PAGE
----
Cheats Never Prosper by Trevor Plumbly
Hottest news from these far flung shores is that a NZ cricketer has been found out for cheating! So what’s the big deal? People have been cheating at sport since they invented the stuff; I have no literal proof that the ancient Olympians fiddled with the rules, but it stands to reason that if you made your javelin a bit lighter than the other bloke’s, you’d be able to throw it further. Let’s face it, them early Greeks might have been artistic, civilised and all that, but I betcha they still didn’t like coming second. Winning never really troubled me, not because I was of the ‘may the best man win’ school of thought, but because I just wasn’t really interested. As I’ve mentioned before my sporting achievements were far from notable and my first experience of diluting the sporting spirit came just after the start of the school’s cross-country run: I watched with horror as Jumbo Mercer, Tosser Harris and Spot Simpson ducked into the bushes, fagged up and waited to rejoin the rest of us five minutes out from the finish line. Since none of them ever won or got caught, it didn’t really seem to matter that much to anyone.
A Fair Fight
My next experience did matter though: after a series of problems with a senior boy we were instructed to ‘sort it out in the ring’. I had absolutely no knowledge of boxing; my entire concept of physical violence was based on ‘do what you have to do then run like the bloody wind before some bugger does it back’, a sound enough theory for the playground, but it was obviously not going to work in a roped-off square. I discovered that fact immediately after the master called out ‘box on’; my opponent danced towards me and smacked me in the face, I responded in the only way street Arabs know by kicking him in the crutch. In the hush that followed I felt I’d done rather well: I was vertical with a slightly bruised eye, whilst my opponent was writhing on the deck desperately trying to soothe his goolies through boxing gloves. Far from being hailed as a worthy victor over an older and bigger adversary, I was labelled a disgrace to the school, to sport and to just about anything else they could tag me to, but I didn’t get picked on after that, so maybe cheats do prosper.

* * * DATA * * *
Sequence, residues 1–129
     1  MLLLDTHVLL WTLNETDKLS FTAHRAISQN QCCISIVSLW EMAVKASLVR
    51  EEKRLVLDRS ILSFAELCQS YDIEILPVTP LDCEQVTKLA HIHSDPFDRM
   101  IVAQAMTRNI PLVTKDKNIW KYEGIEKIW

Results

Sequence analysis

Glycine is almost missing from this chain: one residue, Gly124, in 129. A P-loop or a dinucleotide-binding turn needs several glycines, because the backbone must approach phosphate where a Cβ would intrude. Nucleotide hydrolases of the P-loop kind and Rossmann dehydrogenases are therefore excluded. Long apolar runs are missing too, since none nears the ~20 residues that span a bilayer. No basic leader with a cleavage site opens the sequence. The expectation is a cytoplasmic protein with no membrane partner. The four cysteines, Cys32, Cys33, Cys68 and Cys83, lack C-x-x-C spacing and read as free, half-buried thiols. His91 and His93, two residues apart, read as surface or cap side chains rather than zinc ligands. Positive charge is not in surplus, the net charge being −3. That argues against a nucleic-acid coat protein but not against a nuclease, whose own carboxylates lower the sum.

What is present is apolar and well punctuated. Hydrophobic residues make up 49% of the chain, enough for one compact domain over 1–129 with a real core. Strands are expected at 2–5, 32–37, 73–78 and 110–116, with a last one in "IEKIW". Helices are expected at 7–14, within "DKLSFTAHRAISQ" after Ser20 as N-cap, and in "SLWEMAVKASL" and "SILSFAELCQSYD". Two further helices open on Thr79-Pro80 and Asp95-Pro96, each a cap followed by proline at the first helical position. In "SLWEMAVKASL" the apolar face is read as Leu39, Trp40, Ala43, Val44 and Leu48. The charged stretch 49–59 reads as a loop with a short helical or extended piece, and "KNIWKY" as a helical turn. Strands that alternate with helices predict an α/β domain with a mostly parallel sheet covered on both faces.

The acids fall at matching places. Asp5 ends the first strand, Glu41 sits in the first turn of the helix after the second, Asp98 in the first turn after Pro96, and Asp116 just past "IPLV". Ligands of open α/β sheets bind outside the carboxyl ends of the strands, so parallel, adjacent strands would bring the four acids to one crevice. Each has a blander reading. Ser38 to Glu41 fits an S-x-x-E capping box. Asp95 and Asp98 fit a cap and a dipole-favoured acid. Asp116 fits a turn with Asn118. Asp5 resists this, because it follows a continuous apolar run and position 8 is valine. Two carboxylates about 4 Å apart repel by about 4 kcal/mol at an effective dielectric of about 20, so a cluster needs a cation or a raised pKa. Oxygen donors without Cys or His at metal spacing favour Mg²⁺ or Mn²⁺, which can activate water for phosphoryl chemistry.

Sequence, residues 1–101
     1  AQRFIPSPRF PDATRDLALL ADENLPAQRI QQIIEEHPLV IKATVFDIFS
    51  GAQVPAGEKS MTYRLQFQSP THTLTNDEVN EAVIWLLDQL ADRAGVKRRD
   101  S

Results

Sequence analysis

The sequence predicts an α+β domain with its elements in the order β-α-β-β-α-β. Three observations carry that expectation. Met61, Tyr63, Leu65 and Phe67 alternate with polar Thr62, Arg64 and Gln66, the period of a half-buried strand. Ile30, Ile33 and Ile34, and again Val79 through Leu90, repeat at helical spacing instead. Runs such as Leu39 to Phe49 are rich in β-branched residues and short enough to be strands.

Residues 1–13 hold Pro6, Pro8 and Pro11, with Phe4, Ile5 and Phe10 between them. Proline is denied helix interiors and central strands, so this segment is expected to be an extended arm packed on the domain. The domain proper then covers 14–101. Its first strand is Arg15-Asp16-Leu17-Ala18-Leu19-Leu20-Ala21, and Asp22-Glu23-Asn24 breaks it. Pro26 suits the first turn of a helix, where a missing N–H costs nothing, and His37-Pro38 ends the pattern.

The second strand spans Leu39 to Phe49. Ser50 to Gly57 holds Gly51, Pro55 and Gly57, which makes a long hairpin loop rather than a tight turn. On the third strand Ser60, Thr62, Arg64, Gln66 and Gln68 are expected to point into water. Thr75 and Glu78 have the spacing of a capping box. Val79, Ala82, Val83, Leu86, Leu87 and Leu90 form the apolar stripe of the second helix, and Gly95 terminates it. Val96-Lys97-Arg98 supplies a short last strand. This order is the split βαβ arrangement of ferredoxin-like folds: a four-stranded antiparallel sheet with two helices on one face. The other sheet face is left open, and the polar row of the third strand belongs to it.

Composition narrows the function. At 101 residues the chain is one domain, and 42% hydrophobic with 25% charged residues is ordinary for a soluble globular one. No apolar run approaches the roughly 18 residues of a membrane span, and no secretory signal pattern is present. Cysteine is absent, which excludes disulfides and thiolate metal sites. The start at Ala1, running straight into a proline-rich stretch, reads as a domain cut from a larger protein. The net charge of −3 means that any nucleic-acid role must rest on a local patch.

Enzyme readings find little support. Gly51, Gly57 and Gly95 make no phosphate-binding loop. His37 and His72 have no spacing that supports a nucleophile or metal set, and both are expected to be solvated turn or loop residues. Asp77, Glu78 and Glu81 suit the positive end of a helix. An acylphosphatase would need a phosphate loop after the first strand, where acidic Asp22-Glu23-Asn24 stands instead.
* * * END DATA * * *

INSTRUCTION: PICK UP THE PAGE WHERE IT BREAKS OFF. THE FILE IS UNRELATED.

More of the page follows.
Knowing the Score
With the huge financial rewards available for sporting stardom, is it any real wonder that people cheat at one level or another? Are the orgasmic grunts of the tennis gals a means of pumping adrenalin or an attempt to distract an opponent? In rugby, a spot of eye gouging, ear chewing and even squeezing a chap’s breeding tackle can level the playing field a bit. Soccer players could well find a home in Shakespearean tragedies when their on-field antics fail to pull the punters. With athletics, you get your run-of-the-mill drug cheats and the odd gender bender for variety, but to be fair they don’t seem to be in it for the money. But cricket? Ye gods, the old school tie positively bristles at the thought that a chap hasn’t played with a straight bat. Cynically, I wonder how many of those horrified by match fixing have stayed in their crease knowing full well they’ve clipped the ball but waited for the umpire to tell them. Sorry sports fans, cheating has been around a long time and as long as there are winners and losers, it’s here to stay.